9 claims from the challengers' debate, factchecked

17 April 2015

Immigration and housing

"A rapidly rising population due to open-door immigration, started by Ed Miliband's Labour Party in the late 1990s, has directly contributed towards the housing crisis." - Nigel Farage

Immigration has directly contributed to most population growth over the last two decades. Net migration - the number of immigrants minus the number of emigrants - increased a lot in the late 1990s and after EU enlargement in 2004.

Immigrant households tend to be bigger than households of the overall population, so the number of homes they need is likely to be smaller.

population growth reason

The effect of immigrants on public finances

EU immigrants to our country do make a net contribution to our public finances" - Nicola Sturgeon

Research generally agrees that EU immigrants tend to contribute more than non-EU immigrants. And that immigrants who have arrived recently tend to contribute more than immigrants who've been living here longer-term. But that doesn't mean each individual actually contributes more than they receive from the state.

But putting numbers on this is hard, and there are a lot of alternative estimates.


"In England, under this Government,we're building fewer homes than at any time since the 1920s, and that's got to change." — Ed Miliband

Is housebuilding at a historic low? Yes, but only if you exclude the years during the Second World War, when we were busy with other things.

However, the only data that can be compared this far back is for England and Wales.

It is also worth pointing out that relative to previous levels of house building over this period, the levels seen today are not that dissimilar to what they were in the final year of the last Labour government.

Housebuilding (2)

Empty government buildings

"By using empty government buildings, and there are plenty of them, [and by encouraging people to build on brownfield sites] we could produce 200,000 new affordable homes in this country every single year" - Nigel Farage

In 2014 there were 204,000 square metres of central government property vacant: that's 29 football pitches, or enough for 2,100 average-sized family homes.

That doesn't mean you could move in tomorrow, or bulldoze government buildings to create new sites for houses. A lot of government buildings are office space, and some of them the government only has the leasehold for.

The numbers here are just for central government, not local government, and don't include hospitals, schools or emergency services.


Children in poverty

 "We have experts saying if we continue with austerity cuts by 2020 there will be 1 million more children across the UK living in poverty" - Nicola Sturgeon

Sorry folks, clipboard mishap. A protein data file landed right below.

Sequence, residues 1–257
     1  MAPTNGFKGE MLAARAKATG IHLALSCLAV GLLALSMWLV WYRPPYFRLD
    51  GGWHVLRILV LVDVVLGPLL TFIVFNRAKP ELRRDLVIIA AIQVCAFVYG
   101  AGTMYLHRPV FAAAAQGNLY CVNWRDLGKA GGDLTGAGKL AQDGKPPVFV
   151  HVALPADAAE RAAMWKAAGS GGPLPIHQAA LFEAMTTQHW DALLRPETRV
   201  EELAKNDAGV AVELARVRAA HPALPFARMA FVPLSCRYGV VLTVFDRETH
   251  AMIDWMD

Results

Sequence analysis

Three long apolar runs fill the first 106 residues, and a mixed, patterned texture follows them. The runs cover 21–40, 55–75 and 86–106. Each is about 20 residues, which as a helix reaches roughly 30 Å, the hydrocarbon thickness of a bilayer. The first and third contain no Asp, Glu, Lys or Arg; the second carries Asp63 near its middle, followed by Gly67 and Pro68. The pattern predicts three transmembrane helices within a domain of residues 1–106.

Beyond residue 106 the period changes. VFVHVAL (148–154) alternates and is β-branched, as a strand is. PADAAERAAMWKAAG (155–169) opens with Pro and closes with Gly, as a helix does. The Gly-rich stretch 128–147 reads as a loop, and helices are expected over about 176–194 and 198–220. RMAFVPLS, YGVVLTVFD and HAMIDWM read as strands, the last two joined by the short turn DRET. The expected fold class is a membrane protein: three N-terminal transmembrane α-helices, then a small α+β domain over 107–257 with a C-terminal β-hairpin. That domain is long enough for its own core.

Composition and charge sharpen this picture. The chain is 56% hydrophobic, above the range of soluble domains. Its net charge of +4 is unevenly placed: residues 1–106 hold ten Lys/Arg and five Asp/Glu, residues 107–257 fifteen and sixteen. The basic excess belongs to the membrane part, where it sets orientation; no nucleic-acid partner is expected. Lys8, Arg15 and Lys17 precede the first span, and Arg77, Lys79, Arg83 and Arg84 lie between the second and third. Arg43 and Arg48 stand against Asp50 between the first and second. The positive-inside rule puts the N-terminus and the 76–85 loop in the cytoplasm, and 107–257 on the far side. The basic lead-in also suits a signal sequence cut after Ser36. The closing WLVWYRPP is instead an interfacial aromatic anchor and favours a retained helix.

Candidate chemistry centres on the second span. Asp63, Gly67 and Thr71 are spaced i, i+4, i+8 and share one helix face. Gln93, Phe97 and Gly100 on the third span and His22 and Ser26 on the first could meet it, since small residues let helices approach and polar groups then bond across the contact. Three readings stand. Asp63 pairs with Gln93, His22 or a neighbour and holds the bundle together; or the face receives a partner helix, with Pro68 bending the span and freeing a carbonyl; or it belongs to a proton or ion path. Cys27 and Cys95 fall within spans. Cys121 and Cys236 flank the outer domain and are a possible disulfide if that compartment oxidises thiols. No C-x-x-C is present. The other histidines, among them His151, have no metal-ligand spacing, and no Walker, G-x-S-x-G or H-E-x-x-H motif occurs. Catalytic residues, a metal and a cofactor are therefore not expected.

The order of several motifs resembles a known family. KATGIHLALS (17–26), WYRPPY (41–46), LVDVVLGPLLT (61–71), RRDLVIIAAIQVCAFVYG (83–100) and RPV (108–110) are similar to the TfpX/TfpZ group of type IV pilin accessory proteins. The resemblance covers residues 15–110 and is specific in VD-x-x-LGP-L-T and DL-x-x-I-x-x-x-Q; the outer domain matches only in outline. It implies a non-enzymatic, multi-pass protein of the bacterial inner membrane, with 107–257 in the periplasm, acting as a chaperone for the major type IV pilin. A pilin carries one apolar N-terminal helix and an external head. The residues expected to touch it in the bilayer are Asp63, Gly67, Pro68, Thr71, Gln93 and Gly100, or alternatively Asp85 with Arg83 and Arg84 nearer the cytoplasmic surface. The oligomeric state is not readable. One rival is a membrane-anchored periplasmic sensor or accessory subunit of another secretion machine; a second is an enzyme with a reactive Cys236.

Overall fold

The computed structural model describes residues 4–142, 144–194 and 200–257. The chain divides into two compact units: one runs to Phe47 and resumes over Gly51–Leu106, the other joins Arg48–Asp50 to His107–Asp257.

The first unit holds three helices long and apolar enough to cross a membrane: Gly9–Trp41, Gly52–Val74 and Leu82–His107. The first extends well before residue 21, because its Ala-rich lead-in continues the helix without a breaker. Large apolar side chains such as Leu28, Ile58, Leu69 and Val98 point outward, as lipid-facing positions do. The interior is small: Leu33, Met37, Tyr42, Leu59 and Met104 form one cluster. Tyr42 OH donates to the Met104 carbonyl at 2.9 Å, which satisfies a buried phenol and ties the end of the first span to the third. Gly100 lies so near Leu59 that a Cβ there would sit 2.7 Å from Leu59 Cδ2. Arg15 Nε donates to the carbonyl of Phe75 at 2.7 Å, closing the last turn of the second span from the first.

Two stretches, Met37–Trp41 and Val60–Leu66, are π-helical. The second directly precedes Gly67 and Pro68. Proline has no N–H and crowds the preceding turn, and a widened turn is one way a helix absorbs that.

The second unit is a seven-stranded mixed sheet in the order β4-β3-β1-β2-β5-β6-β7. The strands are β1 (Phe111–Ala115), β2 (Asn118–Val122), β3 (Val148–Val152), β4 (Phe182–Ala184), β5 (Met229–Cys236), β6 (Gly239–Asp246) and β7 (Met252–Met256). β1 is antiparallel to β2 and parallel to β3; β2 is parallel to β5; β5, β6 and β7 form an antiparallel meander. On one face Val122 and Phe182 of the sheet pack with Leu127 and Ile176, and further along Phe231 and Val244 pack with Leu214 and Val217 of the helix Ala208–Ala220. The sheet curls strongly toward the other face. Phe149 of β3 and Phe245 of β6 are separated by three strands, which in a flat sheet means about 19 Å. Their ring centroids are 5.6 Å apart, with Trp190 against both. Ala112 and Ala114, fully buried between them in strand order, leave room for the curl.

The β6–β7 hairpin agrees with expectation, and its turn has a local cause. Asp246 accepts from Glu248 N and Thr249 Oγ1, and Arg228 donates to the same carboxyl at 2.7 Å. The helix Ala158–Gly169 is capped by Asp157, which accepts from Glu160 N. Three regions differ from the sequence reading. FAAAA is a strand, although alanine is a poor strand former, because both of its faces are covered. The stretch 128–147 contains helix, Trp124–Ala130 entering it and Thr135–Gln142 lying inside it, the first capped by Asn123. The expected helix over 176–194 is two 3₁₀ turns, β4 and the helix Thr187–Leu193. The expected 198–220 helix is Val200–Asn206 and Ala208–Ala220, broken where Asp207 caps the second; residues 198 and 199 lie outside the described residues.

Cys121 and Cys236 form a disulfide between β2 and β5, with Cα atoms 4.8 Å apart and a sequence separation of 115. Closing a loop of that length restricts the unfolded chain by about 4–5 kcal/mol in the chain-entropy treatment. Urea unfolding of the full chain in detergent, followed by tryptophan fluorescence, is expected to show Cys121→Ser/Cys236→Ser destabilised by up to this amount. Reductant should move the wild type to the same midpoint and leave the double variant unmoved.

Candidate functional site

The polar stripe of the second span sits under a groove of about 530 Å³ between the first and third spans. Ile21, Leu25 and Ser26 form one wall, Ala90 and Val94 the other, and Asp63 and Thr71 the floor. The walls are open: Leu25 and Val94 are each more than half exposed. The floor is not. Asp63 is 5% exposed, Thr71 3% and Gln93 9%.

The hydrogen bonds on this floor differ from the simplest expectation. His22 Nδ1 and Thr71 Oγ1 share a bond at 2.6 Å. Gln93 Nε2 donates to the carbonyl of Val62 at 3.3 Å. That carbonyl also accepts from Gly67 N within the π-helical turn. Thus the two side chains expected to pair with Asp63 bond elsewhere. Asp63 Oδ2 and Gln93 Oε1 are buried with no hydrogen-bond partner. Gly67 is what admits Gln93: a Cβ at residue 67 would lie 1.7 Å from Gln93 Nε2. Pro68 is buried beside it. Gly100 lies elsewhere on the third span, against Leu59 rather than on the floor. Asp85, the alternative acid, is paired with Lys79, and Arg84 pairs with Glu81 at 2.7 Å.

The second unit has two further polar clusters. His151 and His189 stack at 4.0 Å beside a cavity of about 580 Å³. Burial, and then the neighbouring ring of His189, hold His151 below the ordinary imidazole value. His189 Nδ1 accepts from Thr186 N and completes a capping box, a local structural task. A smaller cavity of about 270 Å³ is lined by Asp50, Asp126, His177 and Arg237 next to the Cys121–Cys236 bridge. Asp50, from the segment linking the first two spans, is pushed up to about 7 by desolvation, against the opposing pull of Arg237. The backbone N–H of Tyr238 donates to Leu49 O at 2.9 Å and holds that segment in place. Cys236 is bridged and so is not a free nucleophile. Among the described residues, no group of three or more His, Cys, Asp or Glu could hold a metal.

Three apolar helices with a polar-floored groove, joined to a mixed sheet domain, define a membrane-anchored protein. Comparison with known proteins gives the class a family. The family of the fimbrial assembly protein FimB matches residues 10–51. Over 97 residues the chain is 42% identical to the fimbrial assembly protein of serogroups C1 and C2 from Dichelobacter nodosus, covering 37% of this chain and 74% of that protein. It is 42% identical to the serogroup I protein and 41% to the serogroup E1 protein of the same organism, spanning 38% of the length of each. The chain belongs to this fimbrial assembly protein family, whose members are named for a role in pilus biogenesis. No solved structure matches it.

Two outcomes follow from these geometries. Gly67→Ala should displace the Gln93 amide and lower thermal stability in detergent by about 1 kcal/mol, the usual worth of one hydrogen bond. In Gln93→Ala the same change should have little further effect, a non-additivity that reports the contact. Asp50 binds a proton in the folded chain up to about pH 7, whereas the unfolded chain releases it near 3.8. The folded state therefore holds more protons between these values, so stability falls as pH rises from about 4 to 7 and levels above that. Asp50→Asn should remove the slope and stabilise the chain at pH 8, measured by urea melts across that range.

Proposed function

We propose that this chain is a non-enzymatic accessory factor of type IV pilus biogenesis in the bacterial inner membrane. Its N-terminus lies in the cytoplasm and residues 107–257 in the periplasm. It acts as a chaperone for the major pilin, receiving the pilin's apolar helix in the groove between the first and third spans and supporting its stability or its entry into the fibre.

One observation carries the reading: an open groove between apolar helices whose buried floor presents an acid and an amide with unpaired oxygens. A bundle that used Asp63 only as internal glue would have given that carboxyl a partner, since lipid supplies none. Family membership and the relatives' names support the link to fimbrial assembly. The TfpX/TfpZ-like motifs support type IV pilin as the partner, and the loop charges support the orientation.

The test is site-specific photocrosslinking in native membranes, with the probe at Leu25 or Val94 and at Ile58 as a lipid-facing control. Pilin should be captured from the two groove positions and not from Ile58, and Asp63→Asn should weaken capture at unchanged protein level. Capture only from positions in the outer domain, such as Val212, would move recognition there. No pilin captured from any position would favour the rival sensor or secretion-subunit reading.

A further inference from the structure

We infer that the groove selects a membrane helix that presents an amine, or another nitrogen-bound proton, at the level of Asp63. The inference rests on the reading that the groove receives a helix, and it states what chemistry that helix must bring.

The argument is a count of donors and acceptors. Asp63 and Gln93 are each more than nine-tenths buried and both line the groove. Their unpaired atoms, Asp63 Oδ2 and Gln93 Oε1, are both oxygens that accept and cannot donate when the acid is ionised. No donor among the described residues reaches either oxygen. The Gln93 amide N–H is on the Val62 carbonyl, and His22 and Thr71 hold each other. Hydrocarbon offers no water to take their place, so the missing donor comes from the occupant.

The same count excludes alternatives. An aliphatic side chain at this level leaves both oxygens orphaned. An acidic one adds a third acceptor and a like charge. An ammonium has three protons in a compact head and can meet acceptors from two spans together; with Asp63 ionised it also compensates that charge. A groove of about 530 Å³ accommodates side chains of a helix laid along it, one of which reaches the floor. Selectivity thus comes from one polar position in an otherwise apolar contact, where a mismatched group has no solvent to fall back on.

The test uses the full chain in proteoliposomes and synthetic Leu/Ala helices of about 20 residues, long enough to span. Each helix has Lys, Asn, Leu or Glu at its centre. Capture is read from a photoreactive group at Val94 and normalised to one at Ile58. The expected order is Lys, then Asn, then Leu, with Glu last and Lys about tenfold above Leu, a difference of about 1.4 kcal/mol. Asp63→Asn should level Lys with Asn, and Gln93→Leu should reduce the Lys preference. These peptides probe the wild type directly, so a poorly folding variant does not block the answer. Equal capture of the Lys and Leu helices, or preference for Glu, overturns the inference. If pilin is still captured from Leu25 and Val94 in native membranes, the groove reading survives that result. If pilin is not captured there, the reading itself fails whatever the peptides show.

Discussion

Nicola Sturgeon is referring to the Institute for Fiscal Studies. It estimated in 2013 that there would be about 1.1 million more children in relative poverty in 2020/21 than there were in 2010/11.

Children living in relative poverty means that they live in households earning less than 60% of the median income in that year.

By an alternative measure (absolute poverty), the IFS estimated that there would be 1.4 million more children in poverty.

These figures come from before the 2013 budget, so things could have changed since then.

Child poverty snip

Debt and deficit

"It is important to get the deficit and the debt down" and "our national debt has doubled from £850 billion to £1.5 trillion" - Nicola Sturgeon and Nigel Farage

The deficit and the debt were mentioned by almost all leaders tonight. While the debt has gone up a lot, it's not right to say it has doubled since 2010.

The government's debt is about £1.5 trillion. This is up from about £960 billion in 2009-10.

The amount it increases by each year is the deficit. The deficit was about £90 billion last year.

Public finances are a bit like a swimming pool. The debt is the water in the pool (the result of past borrowing) and the deficit (the amount the government is borrowing) is the water flowing into it. Borrow more, and your swimming pool fills up faster.

debtdoubled (1)

NHS staff

"1 in 4 doctors is foreign born, 40% of NHS staff are foreign born" - Natalie Bennett

A quarter of hospital doctors in England were foreign nationals in 2014. On top of that, 7% had no nationality recorded.

The number who were born abroad could be higher - plenty of British nationals were born overseas.

We haven't been able to find Bennett's 40% figure for all staff. By the hospital workforce statistics, 10% of hospital staff were foreign-nationals, and another 10% were of unknown nationality.

nhs_staff_by_nationality (1)

NHS targets

"The NHS is struggling in Scotland, because Nicola [Sturgeon] hasn't met her A&E targets for five and a half years" - Ed Miliband

In Scotland, the target is for 98% of A&E patients to wait less than 4 hours to be seen (from arrival to admission, discharge or transfer). This target was last met five and a half years ago in August 2009.

Not everyone agrees that 98% is the right target, though.


Doctors per head

"We've got fewer doctors per head of the population in Wales than in almost every country in the EU" - Leanne Wood

The UK has 2.8 doctors per 1,000 people according to the OECD. That means it only ranks ahead of Ireland (2.7), Slovenia (2.5) and Poland (2.2) among other EU countries listed.

The OECD doesn't publish figures for Wales on its own but Plaid Cymru says it has crunched the numbers and come out with 2.67.

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